Among the 42 cases of metabolic disorders identified, 9 were NICU/VLBW infants. Five of these were amino acid disorders (two HPhe, one each of HMet, ASL, and argininemia), and four were acylcarnitine disorders (two SCAD and one each of CPT II and MCAD). Thus, 21% of the disorders identified were NICU/VLBW infants. Our data suggest that there is a fivefold greater disease prevalence in this subpopulation than in the general newborn population. To identify disorders in this subpopulation, it is our policy that specimens from NICU infants should be submitted to the screening laboratory every 2 weeks as well as a specimen at discharge from the NICU.

To summarize screening for the remaining amino acid disorders, we conclude that transient tyrosinemia continues to be one of the problematic areas of detection and differentiation. We observed that the high concentrations of Tyr persisted for up to 7 weeks. Transient tyrosinemia reportedly can exist for nearly 3 months (21). The urea cycle disorders present additional challenges. For example, regarding argininemia, we were successful in identifying one case prospectively by a flagged Arg concentration of 216 [micro]mol/L in the specimen taken at 3 days of age. Unrelated to our prospective screening, another 3-day specimen that had been in storage for 3 years also had an increased Arg concentration concordant with the diagnosis of argininemia that had been made clinically. Unlike these two examples of argininemia, the one infant with ASL deficiency was not identified by the first specimen, but did have a substantial flagged Cit increase in the second specimen taken 14 days after birth. We remain uncertain whether other cases of ASL can be identified in the early neonatal period.

Follow-up studies of the presumptive positive cases of the fatty acid and organic acid disorders often begin with the analysis of urinary organic acids and acylglycines and/or plasma acylcarnitines (7, 8). Timing of these follow-up tests can be critical for many disorders because the abnormal markers may not be informative if the infant is not metabolically decompensated (8). In addition, a decrease in the acylcarnitines is expected when regular feedings are established. In vitro testing of the fibroblasts or leukocytes of the infant can be used to confirm the disorder (22). Recent studies have described DNA testing for confirmation of some of the fatty and organic acid disorders (15, 16, 23, 24). For many disorders, there are no tests for the alleles. Our working definition of a disorder is one that has positive screening results followed by test results that are consistent with the disorder, i.e., analysis for urine and/or blood markers, DNA, and in vitro testing.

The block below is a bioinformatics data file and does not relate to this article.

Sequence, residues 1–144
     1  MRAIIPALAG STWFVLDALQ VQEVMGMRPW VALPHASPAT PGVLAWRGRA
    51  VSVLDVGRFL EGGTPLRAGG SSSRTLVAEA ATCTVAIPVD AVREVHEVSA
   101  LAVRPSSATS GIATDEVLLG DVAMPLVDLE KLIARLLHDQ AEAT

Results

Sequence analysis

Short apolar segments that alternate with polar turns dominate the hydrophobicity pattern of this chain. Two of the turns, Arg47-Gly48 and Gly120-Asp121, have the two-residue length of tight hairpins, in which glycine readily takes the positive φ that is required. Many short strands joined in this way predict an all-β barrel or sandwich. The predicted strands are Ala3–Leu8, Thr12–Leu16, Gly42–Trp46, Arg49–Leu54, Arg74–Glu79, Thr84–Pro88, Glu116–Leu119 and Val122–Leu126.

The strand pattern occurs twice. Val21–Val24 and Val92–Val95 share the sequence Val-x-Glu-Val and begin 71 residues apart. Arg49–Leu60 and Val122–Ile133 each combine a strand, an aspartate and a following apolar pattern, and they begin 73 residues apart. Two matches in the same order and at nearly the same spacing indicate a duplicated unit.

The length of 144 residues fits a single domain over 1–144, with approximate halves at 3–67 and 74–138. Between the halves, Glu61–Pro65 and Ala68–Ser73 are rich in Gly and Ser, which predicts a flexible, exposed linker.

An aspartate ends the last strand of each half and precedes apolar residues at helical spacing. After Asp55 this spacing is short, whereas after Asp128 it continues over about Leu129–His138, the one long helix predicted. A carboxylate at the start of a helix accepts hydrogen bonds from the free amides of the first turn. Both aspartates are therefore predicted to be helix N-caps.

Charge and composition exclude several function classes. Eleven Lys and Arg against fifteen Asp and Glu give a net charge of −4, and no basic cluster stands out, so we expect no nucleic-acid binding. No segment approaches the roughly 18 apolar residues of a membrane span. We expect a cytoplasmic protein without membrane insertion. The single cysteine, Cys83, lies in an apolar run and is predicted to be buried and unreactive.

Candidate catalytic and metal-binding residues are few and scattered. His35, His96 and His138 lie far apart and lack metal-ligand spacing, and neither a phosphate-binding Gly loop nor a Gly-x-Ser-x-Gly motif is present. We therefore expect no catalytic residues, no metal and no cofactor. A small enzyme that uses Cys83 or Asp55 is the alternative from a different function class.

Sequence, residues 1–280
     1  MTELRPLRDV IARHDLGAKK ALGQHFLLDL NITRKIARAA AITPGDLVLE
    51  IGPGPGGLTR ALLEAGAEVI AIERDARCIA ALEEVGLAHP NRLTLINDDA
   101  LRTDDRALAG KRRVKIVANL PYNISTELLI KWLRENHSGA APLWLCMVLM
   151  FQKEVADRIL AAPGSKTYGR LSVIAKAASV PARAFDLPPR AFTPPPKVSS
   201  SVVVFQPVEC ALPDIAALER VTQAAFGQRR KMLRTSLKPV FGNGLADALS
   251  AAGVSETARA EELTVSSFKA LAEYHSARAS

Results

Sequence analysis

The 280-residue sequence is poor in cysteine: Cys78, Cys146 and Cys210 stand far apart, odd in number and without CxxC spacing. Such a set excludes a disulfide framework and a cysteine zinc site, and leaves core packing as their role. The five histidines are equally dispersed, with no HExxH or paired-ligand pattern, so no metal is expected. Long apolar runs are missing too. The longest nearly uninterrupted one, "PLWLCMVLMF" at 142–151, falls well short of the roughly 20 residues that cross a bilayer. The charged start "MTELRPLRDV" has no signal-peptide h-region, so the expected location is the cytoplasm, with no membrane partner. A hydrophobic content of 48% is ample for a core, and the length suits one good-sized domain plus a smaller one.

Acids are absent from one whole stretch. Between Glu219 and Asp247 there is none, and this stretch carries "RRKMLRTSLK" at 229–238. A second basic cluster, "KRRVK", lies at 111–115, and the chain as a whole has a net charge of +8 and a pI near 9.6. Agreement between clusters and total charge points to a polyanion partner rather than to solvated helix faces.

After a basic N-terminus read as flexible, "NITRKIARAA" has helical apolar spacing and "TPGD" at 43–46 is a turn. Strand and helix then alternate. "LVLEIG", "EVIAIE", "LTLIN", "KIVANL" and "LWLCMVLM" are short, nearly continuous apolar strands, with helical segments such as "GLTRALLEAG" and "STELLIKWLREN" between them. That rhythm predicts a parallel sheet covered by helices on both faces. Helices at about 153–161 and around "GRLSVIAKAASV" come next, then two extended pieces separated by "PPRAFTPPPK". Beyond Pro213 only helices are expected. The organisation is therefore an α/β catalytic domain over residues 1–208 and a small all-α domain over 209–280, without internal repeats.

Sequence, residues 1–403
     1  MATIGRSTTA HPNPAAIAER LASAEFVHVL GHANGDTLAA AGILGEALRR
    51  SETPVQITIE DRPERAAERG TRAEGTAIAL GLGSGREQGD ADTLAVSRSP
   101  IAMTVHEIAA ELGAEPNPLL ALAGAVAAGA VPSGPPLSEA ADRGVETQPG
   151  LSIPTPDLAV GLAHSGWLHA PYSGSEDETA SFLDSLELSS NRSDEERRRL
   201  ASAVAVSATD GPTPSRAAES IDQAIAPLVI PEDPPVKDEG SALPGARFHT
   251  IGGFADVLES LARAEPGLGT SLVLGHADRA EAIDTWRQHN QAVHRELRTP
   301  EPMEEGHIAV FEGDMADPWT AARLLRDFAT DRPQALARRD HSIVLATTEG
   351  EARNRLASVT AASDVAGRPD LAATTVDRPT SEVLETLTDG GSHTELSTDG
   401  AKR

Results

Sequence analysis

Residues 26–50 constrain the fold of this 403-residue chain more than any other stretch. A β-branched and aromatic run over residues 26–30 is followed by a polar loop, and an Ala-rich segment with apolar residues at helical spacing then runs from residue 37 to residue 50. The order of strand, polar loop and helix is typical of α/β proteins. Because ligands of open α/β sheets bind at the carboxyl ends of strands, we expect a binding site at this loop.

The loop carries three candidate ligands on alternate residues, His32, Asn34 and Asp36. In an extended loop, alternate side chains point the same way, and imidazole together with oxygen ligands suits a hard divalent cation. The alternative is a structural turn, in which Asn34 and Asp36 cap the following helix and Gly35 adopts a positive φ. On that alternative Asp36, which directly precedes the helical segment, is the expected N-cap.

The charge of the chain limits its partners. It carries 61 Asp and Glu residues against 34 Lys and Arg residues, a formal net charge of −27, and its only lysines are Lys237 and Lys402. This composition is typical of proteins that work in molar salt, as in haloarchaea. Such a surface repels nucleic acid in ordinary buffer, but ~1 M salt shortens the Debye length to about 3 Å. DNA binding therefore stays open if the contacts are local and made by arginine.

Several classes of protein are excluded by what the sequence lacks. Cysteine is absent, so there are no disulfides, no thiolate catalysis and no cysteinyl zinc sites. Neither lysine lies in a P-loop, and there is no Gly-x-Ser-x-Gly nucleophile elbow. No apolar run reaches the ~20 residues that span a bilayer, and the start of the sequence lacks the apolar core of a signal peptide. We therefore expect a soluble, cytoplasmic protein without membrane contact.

SCAD deficiency was thought to be a rare disorder, but five presumed cases of SCAD deficiency have been identified in 164 000 Massachusetts newborn infants. Workup for the disorder included urine analysis for ethylmalonic acid, although the urinary markers for this disorder may not be increased (8). Additional follow-up testing can include DNA testing for associated mutations. Gregersen et al. (24) reported that two polymorphic variants of SCAD are 625G [right arrow] or [vector] A and 511C [right arrow] or [vector] T, but these mutations are frequent in the general population. Both mutations contribute susceptibility to ethylmalonic aciduria but do not lead to clinically relevant SCAD deficiency (24). It has been postulated that other genetic, cellular, and environmental factors can affect the SCAD enzyme, leading to the onset of clinical symptoms (25).

The laboratory identified 10 MCAD-deficient infants. There does appear to be an association between the amount of the primary marker, C8, and the number of copies of the 985A [right arrow] or [vector] G mutation. The mean C8 value was 13.8 [micro]mol/L in four of the infants homozygous for the 985A [right arrow] or [vector] G mutation, whereas MCAD-deficient infants with a single copy of the 985A [right arrow] or [vector] G had a mean C8 value only one-fifth as much. As shown in Fig. 1, caution must be followed in interpreting the repeat specimens because the repeat specimen may not reveal the very high C8 concentration that was seen in the earlier specimens. The results demonstrate the need for immediate retesting of infants for urinary or blood markers to confirm or support the presence of the disorder. This is especially true when DNA testing is not readily available for confirming the initial screen. Bonafe et al. (8) reported that urinary acylglycine markers for MCAD were always pathologic and independent of clinical status, but the urinary organic acids can be mildly increased or unaltered. Thus, if retesting is delayed or if the individual is not catabolically stressed, some of the urinary markers may no longer be increased enough to help clarify the diagnosis. It is very important to confirm the MCAD disorder and inform the family because the mortality rate can be as high as 60% for the first clinical episode of hypoglycemia between the ages of 15 and 26 months (26).